As I didn’t understand Croatian at the time I hope it was the first option, but I have my doubts. What a precious tradition the Day of St. Blaise is. It is a day that should be an official public holiday in Dubrovnik and not just left hanging in the balance and open to the interpretation of employers. These traditions need to be cherished. It is also an opportunity that should be exploited more. Exploited in a commercial way as a real tourist offer, but in a classy way. It falls at a perfect time. In the so called off-season when we are crying out for tourists, any kind of tourists.
Yet I think that every festival I’ve been to since my first one has been almost exclusively full of local people. I can’t help feeling that this is a missed opportunity. Away from the tacky “made in China souvenirs” and herds of cruise ship passengers searching for an ice-cream this festival is as traditional and authentic as the walls that surrounded it. This is exactly what tourists are looking for. A real, true local tradition that has survived almost untouched for centuries.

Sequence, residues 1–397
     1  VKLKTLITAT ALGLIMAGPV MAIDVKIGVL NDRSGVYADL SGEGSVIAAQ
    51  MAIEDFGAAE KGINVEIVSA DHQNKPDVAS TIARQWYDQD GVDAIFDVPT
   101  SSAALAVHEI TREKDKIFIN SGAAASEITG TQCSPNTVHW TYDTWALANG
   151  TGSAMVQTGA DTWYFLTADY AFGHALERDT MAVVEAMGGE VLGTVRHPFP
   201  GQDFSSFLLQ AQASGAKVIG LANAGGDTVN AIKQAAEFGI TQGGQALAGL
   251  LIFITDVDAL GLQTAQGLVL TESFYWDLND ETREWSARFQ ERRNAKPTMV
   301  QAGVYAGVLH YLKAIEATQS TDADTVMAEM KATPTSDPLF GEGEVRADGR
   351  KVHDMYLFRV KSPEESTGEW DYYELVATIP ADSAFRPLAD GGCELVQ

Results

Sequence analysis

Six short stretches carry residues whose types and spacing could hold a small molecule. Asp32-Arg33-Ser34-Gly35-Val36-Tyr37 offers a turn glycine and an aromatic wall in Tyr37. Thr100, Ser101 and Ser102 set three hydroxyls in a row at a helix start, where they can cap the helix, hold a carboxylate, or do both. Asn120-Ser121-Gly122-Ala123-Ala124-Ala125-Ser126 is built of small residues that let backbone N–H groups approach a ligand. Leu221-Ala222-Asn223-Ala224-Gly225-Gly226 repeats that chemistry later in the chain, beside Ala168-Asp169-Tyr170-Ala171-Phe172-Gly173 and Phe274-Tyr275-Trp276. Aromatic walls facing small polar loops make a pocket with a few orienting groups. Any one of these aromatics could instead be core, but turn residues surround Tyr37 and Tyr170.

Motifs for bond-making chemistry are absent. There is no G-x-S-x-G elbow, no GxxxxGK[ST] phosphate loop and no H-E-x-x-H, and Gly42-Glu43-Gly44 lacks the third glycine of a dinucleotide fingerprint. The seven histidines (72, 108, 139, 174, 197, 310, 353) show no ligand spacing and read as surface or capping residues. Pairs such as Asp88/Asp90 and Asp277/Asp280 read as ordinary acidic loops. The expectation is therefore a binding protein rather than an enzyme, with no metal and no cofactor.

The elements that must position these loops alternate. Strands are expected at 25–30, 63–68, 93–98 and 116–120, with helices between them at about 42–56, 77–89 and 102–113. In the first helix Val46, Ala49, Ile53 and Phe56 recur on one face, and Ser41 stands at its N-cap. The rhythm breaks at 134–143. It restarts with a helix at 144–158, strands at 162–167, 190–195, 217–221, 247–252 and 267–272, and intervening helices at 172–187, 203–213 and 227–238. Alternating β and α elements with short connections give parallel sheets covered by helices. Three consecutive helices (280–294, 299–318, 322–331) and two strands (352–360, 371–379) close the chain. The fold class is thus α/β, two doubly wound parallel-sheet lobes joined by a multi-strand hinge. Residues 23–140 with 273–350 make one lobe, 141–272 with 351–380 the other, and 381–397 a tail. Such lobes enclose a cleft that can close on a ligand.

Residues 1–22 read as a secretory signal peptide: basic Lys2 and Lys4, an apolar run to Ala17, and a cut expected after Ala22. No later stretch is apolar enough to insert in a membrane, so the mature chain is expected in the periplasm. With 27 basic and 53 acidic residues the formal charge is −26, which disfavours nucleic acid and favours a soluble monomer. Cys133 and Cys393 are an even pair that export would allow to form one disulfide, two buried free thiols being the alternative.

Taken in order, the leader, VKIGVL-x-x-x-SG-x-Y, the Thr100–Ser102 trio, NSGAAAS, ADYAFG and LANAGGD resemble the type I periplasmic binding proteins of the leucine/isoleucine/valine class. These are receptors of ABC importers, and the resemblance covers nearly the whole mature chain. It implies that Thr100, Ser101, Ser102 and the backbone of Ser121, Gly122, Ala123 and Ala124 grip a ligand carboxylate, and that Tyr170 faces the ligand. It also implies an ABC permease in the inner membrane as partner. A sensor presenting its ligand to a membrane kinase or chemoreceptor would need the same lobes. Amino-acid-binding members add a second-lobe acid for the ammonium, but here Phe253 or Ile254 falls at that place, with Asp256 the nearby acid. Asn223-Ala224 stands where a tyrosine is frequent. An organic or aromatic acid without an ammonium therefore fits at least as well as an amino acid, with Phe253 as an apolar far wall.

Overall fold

And yet every year it goes on almost hidden away from the prying eyes of tourists. The Dubrovnik Summer Festival, the Klapa vocal choirs, the Linđo folklore ensemble and, of course, St. Blaise, these are the events that need to be cherished. The Old City looks as it should do, full of locals, laughing, happy in a festive mood, celebrating and respecting a tradition that deserves its position as one of the most important days in the city.
Its Dubrovnik’s big day, let’s not hide it away in the shade, let’s put it out in the sun so that all the gold can glitter as it should. Although my advice would be to potential tourists, come and enjoy the festivities but don’t get to close, don’t stand in the front line.
Hundreds of thousands of feet pass down the steps from the Pile Gate into the historic core of the Old City of Dubrovnik on a weekly basis. And over time the rough limestone is polished down to a marble like finish.